The Vietnam War in 13 minutes
The Vietnam War is the commonly used name for the Second Indochina War, 1954–1975. Usually it refers to the period when the United States and other members of the SEATO (Southeast Asia Treaty Organization) joined the forces with the Republic of South Vietnam to contest communist forces, comprised of South Vietnamese guerrillas and regular-force units, generally known as Viet Cong, and the North Vietnamese Army. The U.S., possessing the largest foreign military presence, essentially directed the war from 1965 to 1968. For this reason, in Vietnam today it is known as the American War. It was a direct result of the First Indochina War (1946–1954) between France, which claimed Vietnam as a colony, and the communist forces then known as Viet Minh. In 1973 a “third” Vietnam war began—a continuation, actually—between North and South Vietnam but without significant U.S. involvement. It ended with communist victory in April 1975.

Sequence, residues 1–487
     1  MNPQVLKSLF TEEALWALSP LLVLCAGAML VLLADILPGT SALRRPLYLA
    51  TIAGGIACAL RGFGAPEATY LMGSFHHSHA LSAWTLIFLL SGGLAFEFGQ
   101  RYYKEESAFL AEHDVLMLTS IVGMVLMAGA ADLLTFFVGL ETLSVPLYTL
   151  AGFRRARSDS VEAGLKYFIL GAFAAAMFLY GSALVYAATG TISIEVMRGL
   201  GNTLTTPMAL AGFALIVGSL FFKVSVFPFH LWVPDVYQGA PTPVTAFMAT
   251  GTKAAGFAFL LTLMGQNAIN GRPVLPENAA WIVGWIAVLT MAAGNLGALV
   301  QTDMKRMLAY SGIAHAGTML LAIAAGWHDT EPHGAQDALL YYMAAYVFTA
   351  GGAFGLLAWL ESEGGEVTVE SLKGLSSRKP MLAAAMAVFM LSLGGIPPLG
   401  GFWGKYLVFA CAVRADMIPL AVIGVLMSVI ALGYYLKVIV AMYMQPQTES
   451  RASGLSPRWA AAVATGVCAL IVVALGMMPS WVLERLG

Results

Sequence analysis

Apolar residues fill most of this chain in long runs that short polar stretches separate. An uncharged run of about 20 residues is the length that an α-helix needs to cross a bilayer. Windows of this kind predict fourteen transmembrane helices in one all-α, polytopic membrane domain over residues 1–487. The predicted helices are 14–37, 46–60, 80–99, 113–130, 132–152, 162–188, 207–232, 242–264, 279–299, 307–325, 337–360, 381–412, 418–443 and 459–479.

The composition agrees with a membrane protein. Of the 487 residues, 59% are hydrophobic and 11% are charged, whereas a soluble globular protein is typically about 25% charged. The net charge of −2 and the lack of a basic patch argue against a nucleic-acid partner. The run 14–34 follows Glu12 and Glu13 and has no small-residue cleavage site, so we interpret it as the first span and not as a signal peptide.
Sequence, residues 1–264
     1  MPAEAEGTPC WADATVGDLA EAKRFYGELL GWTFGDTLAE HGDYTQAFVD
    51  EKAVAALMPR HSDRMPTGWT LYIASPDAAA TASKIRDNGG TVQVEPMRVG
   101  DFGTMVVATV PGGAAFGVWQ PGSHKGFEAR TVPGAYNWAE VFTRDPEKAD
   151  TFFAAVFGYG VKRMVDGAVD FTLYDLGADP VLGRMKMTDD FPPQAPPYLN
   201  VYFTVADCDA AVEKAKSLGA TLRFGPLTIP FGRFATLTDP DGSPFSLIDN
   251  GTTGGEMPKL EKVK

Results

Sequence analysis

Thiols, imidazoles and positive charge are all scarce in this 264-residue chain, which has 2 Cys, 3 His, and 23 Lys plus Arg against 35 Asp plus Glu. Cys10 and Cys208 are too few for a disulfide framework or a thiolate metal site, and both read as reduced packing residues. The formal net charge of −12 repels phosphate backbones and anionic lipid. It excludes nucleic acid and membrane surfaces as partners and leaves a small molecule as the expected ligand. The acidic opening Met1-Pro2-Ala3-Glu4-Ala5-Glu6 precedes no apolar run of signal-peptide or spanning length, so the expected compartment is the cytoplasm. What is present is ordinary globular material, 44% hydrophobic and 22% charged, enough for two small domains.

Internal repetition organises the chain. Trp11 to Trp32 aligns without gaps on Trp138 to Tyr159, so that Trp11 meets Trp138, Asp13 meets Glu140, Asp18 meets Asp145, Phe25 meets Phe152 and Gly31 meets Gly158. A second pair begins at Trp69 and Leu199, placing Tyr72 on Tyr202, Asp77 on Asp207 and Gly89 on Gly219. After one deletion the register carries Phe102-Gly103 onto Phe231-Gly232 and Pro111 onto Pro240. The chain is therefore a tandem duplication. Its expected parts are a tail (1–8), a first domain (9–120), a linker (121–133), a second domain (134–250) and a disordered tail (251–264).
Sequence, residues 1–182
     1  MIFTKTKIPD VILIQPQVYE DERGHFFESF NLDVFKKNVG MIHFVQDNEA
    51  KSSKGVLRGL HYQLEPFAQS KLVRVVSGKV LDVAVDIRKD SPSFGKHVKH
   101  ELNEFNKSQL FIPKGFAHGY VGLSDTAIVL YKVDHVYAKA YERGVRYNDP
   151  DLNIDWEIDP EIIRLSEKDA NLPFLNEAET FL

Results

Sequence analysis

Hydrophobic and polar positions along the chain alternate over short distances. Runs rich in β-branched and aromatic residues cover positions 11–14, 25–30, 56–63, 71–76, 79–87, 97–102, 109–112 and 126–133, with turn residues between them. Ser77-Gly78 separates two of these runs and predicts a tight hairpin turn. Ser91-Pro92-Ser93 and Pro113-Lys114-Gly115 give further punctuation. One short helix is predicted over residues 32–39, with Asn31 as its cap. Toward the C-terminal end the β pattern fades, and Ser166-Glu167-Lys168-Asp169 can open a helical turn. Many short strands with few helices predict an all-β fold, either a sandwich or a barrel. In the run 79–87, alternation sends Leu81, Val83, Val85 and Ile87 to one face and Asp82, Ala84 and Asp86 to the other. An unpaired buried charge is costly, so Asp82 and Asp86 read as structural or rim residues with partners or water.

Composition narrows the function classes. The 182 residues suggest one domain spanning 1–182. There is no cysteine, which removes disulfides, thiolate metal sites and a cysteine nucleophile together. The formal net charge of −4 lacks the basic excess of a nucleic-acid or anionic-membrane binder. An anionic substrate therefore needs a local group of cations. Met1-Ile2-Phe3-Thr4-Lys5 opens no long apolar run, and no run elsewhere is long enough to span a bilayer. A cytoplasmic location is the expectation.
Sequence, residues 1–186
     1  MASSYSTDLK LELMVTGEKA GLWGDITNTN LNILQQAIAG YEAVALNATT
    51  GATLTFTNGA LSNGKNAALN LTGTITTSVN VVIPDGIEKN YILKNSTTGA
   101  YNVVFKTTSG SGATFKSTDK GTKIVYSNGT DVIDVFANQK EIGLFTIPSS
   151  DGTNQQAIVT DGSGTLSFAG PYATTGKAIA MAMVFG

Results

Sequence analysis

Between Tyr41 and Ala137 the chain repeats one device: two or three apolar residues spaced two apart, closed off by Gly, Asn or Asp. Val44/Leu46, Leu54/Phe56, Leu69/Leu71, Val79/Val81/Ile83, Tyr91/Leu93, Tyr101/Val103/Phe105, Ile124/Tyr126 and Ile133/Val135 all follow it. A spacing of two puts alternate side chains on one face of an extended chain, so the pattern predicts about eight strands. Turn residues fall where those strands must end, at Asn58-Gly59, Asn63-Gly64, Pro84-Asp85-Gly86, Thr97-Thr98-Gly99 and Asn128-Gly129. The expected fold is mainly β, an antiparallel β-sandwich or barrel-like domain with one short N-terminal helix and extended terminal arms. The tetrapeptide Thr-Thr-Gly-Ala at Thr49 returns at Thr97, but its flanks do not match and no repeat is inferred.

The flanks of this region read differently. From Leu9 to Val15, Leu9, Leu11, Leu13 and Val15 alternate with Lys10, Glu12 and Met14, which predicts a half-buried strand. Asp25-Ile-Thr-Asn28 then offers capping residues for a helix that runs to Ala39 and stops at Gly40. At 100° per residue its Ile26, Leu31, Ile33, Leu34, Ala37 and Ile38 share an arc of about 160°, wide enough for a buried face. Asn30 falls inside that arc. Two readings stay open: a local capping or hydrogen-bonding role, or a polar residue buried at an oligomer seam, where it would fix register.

The Vietnam War was the longest in U.S. history until the Afghanistan War (2002-2014). The war was extremely divisive in the U.S., Europe, Australia, and elsewhere. Because the U.S. failed to achieve a military victory and the Republic of South Vietnam was ultimately taken over by North Vietnam, the Vietnam experience became known as “the only war America ever lost.” It remains a very controversial topic that continues to affect political and military decisions today.